Native Prairie Appreciation week is a time to recognize the important role the native prairie plays in the ecosystem.

Carolyn Gaudet is the Manager of Saskatchewan's Prairie Conservation Action Plan. 

She says Native Prairie Appreciation Week is a great opportunity to educate and engage with people with diverse backgrounds about native prairie.

"The diversity of plants, animals and insects found on native prairie is amazing and unfortunately disappearing, so we want to encourage everyone to learn more about native prairie and find out how they can support this fragile ecosystem."

Dr Sean Asslin is a Forage Breeder with Agriculture and Agri-Food Canada, Swift Current Research and Development Centre. 

He says native grasses play an important role and historically have been the foundation of early agriculture on the prairies.

"In large swaths of Saskatchewan, we do rely on our native range land for our cattle production. They are in many senses very low input systems, so we're not having to reseed every year. We don't have that seed cost and we don't have to be adding nutrition back onto the landscape, be it any type of fertilizer."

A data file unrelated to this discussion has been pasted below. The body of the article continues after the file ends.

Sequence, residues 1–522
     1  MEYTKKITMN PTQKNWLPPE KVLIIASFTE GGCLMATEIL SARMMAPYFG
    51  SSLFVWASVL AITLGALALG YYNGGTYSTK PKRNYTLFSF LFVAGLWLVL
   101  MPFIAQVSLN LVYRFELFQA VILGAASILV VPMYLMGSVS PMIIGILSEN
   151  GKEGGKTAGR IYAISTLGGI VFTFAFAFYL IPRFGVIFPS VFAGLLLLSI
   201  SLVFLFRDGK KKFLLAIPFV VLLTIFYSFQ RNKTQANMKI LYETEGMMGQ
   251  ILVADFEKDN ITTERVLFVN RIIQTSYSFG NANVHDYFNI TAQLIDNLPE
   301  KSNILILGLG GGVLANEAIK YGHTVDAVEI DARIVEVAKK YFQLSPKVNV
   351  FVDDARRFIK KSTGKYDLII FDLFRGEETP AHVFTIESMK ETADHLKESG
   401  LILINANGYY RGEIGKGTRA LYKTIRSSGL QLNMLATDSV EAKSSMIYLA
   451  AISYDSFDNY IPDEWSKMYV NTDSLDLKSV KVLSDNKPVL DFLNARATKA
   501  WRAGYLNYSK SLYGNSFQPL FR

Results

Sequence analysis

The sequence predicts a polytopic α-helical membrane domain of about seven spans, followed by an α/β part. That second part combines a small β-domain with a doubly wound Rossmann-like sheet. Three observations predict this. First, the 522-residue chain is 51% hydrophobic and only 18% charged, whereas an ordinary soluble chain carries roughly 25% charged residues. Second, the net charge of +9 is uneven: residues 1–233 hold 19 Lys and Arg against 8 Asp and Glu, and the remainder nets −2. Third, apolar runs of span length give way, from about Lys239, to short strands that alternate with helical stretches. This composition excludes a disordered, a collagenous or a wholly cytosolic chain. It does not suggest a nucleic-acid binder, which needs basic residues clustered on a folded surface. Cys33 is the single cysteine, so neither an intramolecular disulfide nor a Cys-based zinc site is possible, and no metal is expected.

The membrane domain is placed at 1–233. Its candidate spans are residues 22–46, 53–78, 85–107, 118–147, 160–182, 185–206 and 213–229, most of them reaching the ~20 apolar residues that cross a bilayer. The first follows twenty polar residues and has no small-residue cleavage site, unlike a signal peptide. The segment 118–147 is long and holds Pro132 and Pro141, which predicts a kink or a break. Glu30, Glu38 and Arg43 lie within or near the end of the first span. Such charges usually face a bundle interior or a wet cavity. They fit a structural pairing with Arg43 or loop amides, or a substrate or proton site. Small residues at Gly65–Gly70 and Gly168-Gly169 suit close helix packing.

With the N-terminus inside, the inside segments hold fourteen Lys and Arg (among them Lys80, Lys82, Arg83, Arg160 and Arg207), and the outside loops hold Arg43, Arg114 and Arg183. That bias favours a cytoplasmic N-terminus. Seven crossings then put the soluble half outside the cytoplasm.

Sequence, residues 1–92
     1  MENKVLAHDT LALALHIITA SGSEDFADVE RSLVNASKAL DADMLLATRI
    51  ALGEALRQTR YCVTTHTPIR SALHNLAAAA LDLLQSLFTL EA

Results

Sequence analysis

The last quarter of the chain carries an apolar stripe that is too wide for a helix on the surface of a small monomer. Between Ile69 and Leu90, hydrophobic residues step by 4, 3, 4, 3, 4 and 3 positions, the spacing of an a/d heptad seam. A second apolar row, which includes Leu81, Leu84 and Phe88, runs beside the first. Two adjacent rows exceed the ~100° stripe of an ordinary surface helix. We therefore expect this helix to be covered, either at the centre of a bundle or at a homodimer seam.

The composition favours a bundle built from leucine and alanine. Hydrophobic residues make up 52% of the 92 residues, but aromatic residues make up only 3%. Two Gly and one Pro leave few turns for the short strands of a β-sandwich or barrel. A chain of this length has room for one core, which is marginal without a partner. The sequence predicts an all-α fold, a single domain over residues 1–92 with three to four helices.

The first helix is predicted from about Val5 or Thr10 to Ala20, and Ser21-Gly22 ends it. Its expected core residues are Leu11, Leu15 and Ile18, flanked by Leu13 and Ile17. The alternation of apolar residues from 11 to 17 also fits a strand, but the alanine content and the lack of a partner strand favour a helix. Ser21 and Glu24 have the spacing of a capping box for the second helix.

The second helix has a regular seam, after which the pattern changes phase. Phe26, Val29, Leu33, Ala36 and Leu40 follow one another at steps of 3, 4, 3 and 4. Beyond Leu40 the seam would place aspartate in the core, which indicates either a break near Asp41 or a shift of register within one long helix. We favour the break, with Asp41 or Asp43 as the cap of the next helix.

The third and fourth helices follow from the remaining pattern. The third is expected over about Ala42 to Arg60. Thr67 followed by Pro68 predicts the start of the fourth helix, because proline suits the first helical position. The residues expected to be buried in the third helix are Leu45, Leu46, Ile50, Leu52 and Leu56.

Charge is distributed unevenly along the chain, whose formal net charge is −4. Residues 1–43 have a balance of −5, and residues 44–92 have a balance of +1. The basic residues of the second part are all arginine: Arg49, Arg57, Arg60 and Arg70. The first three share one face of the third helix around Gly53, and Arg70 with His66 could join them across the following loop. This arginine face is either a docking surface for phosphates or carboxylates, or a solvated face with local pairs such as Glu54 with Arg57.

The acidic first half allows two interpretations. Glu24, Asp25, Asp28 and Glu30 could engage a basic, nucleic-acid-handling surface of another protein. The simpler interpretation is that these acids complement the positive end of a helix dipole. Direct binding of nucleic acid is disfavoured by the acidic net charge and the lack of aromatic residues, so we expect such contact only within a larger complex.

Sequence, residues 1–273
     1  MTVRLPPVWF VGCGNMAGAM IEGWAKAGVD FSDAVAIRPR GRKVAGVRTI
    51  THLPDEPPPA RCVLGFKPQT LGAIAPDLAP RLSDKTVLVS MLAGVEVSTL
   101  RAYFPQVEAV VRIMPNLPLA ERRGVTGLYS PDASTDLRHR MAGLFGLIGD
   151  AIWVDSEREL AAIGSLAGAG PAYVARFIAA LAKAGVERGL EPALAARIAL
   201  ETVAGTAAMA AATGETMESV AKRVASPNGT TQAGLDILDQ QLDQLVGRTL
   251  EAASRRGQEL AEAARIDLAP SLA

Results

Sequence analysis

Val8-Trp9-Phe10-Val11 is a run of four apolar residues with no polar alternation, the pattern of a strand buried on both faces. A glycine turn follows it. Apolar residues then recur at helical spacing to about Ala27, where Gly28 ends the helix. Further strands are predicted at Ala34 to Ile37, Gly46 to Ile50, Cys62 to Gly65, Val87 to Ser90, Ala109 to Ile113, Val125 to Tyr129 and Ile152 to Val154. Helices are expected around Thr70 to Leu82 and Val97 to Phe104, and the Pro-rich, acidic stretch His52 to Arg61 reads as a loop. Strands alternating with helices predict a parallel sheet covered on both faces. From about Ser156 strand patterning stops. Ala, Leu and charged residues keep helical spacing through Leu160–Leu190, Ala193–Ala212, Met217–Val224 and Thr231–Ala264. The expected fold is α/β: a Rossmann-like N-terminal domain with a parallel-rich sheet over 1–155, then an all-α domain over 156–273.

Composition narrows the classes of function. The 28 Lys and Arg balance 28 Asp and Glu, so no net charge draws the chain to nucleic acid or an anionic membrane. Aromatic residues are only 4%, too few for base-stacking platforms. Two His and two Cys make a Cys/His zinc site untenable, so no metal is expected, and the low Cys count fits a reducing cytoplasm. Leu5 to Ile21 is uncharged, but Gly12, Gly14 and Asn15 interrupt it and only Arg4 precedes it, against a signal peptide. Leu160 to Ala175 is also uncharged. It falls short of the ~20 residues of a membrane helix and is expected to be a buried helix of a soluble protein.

The majority of Asslin's work focuses on native plant breeding. 

He notes one thing that he's starting to look in his breeding program is establishment characteristics of native legumes.

"Seeing if we have genetic variation for things like early vigor on establishment. So that instead of planting a plot, and it comes up three years later, having a plot that comes up in the same year."

Agriculture Minister David Marit says producers know that sustainable grazing management of native pastures supports biodiversity on these ecologically important lands, sustainable growth in production of their operations, and will maintain this ecosystem for generations to come.